Now, one of the main questions that is in our interest is as following: Is the chromatin at the basis of the cell plasticity and epigenetic reprogramming that are introduced? One of the reasons why we think that it is the case is the following. Here you will see the different stages of early mammalian development, and what we think the plasticity does; so very plasticity at the beginning that is reduced upon development. If you look at the DNA staining of the nuclear representative of these different stages, you see by just looking at the DAPI that the chromatin is highly reorganized. This tells us that perhaps globally the chromatin is involved in regulating the cellular plasticity. In my lab we want to understand the following questions, so all of them are involved in the question on the top, which is how the structure of the chromatin is set up during development? I will be dividing my talk into two different subjects: the first one is to try to understand whether chromatin regulates cell fate, and the second one whether it regulates reprogramming? But before I come to these two questions, I will tell you a little bit on how we can address how the structure of the chromatin is initially set up.
Why do we need to study why the chromatin state is reorganized, and I think it is very simple and it's just because after fertilization a new chromatin state has to be established. The reason behind that is that the sperm is mostly packed in protamines and not in histones. So during fertilization these protamines, depicted here in red, have to be removed and the paternal DNA has to be assembled into a nucleosome configuration, de novo. That means that in the zygote where you can distinguish the male and the female pronucleus, you have a pronucleus that has to be assembled into chromatin and marked. On the other hand, you have the maternal chromatin that is inherited from the originals. We believe that this process of assembly and marking is very important in keeping with the reprogramming, and the developmental plasticity. A very easy way of understanding how this assembly process is occurring, is the following. We started by asking, when are the histones first incorporated in parental chromatin? The way you can do that is by using a histone, in this case, a histone H3.3 fused to a GFP, generated mRNA in vitro and microinject this in individual embryos. Then do a time-lapse analysis of the embryo, which is what you are going to see at the bottom. So you see two different cycles just after fertilization, and on the right side you will see the signal from the GFP.
What you will see is that you can actually time very nicely when the GFP starts being detected in the parental chromatin. This gives us an idea of what histones go to which parental chromatin, and under which time. What we have understood, what the components from the embryonic chromatin, one can ask the following question, which is, how does newly formed chromatin acquire its identity? In other words, one, you have the histones, what tells the DNA that it has to be silenced or it has to be active? To try to understand this we have focused on a heterochromatic region, which is the pericentromeric. The pericentromeric of the mouse chromosome is depicted here in light pink, and this is an important region to secure mitosis on segregation. The pericentromeric in the mouse is formed by what we call 'major satellites', which are tandem repeats of 234 base pairs. The question that we have been trying to address is how these tandem repeats become silenced after fertilization? I remind you, we think that this is essential so that the first mitosis can occur.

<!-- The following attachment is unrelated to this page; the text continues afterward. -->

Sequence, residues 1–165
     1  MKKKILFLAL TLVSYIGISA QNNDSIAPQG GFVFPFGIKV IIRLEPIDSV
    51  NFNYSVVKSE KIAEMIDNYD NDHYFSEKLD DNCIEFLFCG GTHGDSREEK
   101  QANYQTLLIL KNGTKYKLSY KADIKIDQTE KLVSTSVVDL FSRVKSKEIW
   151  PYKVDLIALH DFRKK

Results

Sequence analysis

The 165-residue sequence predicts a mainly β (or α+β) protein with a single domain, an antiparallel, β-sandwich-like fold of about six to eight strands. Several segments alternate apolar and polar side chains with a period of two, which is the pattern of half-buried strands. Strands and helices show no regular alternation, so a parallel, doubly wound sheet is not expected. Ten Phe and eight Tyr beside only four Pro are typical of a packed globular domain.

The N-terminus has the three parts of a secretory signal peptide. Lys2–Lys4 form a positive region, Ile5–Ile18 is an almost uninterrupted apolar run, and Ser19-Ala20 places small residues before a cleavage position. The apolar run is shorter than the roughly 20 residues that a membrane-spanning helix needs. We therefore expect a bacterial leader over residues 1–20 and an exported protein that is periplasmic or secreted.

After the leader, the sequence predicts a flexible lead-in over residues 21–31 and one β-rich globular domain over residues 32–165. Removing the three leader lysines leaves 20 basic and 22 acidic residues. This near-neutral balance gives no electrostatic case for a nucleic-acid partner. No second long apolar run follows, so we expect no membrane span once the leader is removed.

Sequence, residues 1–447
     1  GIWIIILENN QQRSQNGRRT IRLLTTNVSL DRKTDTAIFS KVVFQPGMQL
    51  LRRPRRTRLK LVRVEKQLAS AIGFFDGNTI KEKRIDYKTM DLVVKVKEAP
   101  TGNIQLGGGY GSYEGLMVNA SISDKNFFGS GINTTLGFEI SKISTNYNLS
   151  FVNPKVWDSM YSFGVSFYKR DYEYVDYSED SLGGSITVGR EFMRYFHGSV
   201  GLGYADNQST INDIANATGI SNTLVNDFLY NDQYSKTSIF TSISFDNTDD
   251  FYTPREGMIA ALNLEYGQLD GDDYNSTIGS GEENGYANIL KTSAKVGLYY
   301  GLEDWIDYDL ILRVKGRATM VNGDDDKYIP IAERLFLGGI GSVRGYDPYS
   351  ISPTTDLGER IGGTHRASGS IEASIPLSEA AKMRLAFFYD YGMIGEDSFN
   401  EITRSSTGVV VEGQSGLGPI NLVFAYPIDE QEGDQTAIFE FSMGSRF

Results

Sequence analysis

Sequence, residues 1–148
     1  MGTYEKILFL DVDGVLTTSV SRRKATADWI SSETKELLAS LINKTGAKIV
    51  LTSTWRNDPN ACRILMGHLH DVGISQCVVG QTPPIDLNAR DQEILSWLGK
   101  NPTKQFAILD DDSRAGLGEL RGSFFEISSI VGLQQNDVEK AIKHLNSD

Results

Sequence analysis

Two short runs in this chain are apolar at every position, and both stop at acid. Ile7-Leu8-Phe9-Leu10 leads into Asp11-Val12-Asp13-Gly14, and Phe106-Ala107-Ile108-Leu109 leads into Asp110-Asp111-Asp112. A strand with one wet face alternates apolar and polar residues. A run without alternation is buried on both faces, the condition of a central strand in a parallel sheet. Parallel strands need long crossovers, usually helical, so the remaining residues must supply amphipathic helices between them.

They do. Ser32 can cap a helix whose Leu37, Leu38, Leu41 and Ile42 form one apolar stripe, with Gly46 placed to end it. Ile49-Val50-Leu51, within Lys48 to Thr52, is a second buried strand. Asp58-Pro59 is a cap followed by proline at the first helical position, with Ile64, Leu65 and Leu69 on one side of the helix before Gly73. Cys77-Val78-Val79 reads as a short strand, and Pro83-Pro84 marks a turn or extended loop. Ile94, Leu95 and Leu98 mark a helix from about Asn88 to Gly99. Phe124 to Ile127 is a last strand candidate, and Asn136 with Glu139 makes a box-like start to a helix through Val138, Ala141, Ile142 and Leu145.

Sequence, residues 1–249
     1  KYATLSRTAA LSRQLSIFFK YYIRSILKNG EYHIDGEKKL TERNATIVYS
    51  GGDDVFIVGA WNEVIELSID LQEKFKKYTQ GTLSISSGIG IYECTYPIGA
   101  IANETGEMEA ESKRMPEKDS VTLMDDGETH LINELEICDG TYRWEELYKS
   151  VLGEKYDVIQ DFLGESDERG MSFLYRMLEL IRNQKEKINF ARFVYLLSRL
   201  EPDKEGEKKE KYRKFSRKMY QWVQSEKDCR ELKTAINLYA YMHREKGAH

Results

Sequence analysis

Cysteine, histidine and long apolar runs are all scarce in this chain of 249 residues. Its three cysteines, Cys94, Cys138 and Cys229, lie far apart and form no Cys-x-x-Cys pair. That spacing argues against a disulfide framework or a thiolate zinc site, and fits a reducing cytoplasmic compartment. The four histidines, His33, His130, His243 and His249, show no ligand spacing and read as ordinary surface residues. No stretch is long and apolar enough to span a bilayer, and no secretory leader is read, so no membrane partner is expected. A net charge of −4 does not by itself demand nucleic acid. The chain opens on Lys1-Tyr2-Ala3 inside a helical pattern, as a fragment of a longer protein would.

What we proposed a few years ago is that a specific incorporation of H3.3, so the histone variant is necessary for the formation of this chromatin. What we showed is that these major satellites become transcribed very early in development, during the first S-phase. That this leads perhaps to double-stranded RNA formation that could potentially help in tethering heterochromatin protein 1, together with an acquisition of K27 methylation, and this will lead, for the first time, to heterochromatinisation of pericentric chromatin. This leads to silencing and to the proper localization of the chromo centers at the 2-cell stage. It is important here that I mention that I am talking about K27 methylation and silencing marks, because the paternal chromatin is devoid of K9 methylation. One of the things that you might be surprised about, is that I am talking about silencing chromatin and, at the same time, I'm saying that this needs to be transcribed. So keeping with the models that were described for yeast and Arabidopsis we think that in mammalian cells heterochromatin also needs to be transcribed to be silenced.
The following question is: Is that transcription mechanism all-important for the pericentric chromatin, or could these be a general mechanism for all the heterochromatic regions in the genome? So would a similar mechanism apply to other heterochromatic regions, and this is really to try to address how heterochromatin is established. So the question will be: Can we find transcription of other heterochromatic regions in the embryo? For this, what we did is to use repetitive elements in the genome as a model, because we know that they must, at some point, become heterochromatic until they are fully silenced in differentiated cells. What we did is to ask whether, for example, two major representatives of the repetitive elements in the genome, like Line L1 and IAP are transcribed during early development. What you are seeing here is RNA-FISH analysis studies to detect nascent transcription of first* stage and 8-cell stage embryos with a probe for Line in red and IAP in green.